This content discusses trauma, depression and anxiety, which some people may find triggering.
- What can affect my mental health?
- Getting support
Military personnel and veterans can face unique risks and challenges to their mental health.
Being exposed to highly stressful situations, long periods away from home and the difficulty of adjusting to civilian life can all affect your mental health. You may experience problems at the time or even years later.
You may find it difficult to ask for help. Perhaps you feel you should be able to manage on your own, you feel embarrassed, you’re worried about being criticised or you don’t think the NHS will understand. But expert help is available for you, no matter if you’re still serving, have just left the armed forces or left many years ago.
What can affect my mental health?
Most personnel don’t have mental health problems either in service or afterwards. However, some experiences in the armed forces can lead to mental health difficulties. These include:
- working in stressful and traumatic situations
- being away from family and friends for a long time
- physical injuries.
Transitioning back into civilian life can be difficult, especially if you’ve served for a long time. After leaving the armed forces, some people experience:
- relationship or family problems
- social exclusion
Different support is available depending on whether you’re currently serving or if you’re a veteran.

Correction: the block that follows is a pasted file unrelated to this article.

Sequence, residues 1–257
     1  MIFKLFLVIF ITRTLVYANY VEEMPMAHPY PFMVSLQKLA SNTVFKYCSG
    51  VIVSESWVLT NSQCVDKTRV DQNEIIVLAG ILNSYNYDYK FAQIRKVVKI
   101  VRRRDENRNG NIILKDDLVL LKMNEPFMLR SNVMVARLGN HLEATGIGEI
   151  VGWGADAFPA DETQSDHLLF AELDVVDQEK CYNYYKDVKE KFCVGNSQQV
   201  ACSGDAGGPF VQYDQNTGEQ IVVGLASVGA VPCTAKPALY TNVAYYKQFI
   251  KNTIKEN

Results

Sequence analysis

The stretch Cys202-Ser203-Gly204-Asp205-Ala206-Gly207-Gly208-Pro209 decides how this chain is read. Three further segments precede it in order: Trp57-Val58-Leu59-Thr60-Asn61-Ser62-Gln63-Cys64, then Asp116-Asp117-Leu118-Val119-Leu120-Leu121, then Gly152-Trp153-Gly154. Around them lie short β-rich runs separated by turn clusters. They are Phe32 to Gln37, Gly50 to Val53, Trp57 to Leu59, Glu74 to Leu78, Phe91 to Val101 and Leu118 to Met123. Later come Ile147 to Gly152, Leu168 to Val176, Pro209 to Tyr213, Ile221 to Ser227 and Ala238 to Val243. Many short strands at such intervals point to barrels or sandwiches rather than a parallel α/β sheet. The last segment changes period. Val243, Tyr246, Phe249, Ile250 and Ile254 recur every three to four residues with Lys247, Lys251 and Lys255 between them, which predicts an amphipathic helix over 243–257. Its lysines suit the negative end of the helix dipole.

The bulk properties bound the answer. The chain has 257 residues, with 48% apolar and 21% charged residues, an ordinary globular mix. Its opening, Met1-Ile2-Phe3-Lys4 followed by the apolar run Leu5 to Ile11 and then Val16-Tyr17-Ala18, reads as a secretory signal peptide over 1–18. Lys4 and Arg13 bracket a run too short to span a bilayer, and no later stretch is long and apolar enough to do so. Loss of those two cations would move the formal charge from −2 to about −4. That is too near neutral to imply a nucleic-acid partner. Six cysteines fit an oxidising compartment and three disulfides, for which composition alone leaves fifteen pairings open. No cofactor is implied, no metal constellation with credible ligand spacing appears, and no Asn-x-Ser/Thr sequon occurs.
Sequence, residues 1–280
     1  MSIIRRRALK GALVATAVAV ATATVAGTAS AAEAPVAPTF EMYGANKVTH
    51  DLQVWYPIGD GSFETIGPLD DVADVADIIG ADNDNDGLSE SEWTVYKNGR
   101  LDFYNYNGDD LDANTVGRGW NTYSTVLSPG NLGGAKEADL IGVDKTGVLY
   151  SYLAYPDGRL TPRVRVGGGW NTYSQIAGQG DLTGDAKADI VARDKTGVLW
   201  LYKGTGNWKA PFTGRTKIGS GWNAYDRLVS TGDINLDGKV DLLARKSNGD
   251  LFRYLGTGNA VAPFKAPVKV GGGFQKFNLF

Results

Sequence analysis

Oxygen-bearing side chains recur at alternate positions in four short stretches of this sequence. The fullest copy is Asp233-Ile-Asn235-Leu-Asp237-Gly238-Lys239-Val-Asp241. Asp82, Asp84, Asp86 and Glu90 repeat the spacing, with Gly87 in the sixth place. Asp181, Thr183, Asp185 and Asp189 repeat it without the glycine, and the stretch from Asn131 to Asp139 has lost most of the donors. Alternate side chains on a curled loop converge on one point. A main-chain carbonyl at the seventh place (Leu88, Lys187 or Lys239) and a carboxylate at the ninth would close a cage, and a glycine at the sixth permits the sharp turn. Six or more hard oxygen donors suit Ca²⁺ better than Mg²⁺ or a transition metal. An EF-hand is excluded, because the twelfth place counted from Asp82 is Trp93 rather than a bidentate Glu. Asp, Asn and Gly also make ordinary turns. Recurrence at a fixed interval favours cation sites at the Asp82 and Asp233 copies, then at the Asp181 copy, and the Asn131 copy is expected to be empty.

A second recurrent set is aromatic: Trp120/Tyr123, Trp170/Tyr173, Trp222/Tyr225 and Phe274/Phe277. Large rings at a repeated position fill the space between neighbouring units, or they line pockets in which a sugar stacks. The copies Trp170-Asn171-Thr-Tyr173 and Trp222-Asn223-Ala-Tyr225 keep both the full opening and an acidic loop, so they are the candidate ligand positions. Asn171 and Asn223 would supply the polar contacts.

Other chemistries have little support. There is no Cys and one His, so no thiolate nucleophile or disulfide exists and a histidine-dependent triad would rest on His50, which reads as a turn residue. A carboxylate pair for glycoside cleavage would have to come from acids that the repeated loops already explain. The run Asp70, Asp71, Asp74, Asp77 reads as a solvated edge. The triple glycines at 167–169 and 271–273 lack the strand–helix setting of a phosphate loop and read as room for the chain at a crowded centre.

If you’re currently serving
All serving personnel receive mental health care through services commissioned by the Ministry of Defence (MoD).
If you’re currently serving and you’re worried about your mental health or just want someone to talk to, speak to your chain of command or any medical officer. You can also contact Combat Stress. They have a 24-hour helpline run in partnership with the Ministry of Defence (MOD). They provide confidential emotional support and advice to current and former military personnel.
Depending on what help you need, you may be given support in your unit medical centre or referred to specialist services.
Specialist services are provided through 16 military Departments of Community Mental Health (DCMH) across the UK. They offer different treatments including medication, talking therapies and social support.
If you need extra support for your mental health, you can get in-patient hospital care through eight different NHS trusts. You’ll be assessed and treated as close to your home or unit as possible.
You may worry that asking for help will mean you have to leave the armed forces. In fact, seven out of ten people who receive specialist mental health support will continue their career. Of those that don’t, many feel fine with the decision to leave.
If you’re a veteran
You may have an image of veterans as older people who served for a long time. In fact, you’re counted as a veteran if you’ve served at least one day in the armed forces. It doesn’t matter how old you are.
As soon as you know where you’ll be living after discharge, register with a GP. Tell them you’ve served in the armed forces so you can access services for veterans.